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Wal-Mart Delivers a Lesson to Antitrust Prosecutors

Posted By Madelyn Harwood On October 19, 2012 @ 1:49 pm In Economics | Comments Disabled

Wal-Mart made headlines last week for launching same-day delivery service in direct competition with Amazon.com. This new retail rivalry between the big boys—brick-and-mortar versus virtual—provides yet more evidence that no company, no matter its size, is immune from competition. That’s a lesson federal antitrust prosecutors ought to heed.

The “Wal-Mart To Go” service is slated to launch for the holiday season in northern Virginia, Philadelphia, Minneapolis, San Jose, and San Francisco. No doubt other retailers at some point will introduce similar services or variations on the same-day delivery theme. That’s because in a techno-world, where markets can change in an instant, remaining competitive demands continuous innovation. Businesses are thus under constant threat of losing customers and market power.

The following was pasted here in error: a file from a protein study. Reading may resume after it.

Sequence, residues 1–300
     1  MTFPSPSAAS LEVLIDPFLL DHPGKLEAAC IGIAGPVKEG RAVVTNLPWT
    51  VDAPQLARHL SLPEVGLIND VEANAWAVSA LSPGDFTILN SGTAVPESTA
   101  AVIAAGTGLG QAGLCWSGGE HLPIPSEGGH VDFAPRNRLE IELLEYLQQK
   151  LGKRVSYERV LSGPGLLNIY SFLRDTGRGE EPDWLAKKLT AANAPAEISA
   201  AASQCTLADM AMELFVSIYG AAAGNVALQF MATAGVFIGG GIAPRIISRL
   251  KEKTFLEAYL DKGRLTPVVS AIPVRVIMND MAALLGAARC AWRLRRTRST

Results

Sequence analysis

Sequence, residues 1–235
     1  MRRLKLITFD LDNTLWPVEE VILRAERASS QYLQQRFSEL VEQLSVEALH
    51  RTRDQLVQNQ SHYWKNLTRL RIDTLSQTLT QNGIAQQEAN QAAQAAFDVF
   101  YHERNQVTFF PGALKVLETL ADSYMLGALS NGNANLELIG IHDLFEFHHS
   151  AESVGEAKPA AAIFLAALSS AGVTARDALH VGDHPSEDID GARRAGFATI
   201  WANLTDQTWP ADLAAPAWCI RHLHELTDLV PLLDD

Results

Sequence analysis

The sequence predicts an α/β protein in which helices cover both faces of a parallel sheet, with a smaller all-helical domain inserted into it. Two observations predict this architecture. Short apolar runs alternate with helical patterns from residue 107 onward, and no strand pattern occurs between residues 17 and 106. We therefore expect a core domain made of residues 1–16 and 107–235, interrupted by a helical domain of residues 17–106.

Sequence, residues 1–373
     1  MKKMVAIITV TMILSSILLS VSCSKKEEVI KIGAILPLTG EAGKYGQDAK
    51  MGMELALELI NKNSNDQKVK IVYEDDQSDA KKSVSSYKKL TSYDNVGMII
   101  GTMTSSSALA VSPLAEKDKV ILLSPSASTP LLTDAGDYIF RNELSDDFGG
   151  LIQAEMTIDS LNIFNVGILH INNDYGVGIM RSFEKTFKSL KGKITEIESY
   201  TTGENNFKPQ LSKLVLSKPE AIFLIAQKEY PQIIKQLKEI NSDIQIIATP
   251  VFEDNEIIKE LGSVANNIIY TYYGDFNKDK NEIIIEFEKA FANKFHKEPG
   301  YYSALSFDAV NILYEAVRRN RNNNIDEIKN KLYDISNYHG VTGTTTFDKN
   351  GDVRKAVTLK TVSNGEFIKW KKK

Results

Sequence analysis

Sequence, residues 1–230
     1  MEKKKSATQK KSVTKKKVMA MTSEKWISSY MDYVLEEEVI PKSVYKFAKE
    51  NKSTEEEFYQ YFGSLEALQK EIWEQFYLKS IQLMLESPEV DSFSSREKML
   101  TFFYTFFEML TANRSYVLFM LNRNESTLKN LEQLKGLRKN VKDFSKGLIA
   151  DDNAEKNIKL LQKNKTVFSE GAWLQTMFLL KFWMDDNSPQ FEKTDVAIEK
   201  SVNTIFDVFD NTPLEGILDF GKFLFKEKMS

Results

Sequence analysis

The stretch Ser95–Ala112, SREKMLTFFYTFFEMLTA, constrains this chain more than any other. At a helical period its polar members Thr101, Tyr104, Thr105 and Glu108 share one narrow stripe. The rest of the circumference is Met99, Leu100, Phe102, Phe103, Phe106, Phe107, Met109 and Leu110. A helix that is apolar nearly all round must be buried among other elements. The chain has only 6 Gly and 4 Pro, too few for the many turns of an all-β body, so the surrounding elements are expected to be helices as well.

Amazon is not the only powerhouse facing competitive pressure. Google, Facebook, and Apple, for example, are engaged in an unremitting contest for customers. And the winner in all this scraping is the consumer.

Meanwhile, the Federal Trade Commission is seriously considering an antitrust suit against Google. The basis of the allegations appears to be that Google favors its own content in search results. Google denies this is so. But if their searches don’t satisfy users, competition would provide a faster and more effective remedy than government antitrust prosecution.

History is replete with examples of retail giants undone by upstarts or their own blunders. The A&P grocery chain, once number one in the country, was undone by its failure to keep current with modern trends in the business. IBM, too, was once considered indomitable—until Microsoft came along.

The Obama Administration should take note. As evidenced by Wal-Mart’s foray into Amazon territory, the market is remarkably self-correcting if unencumbered by government. In the sphere of free markets, there is no hegemon.

Madelyn Harwood is currently a member of the Young Leaders Program at The Heritage Foundation. For more information on interning at Heritage, please visit: http://www.heritage.org/about/departments/ylp.cfm [1]


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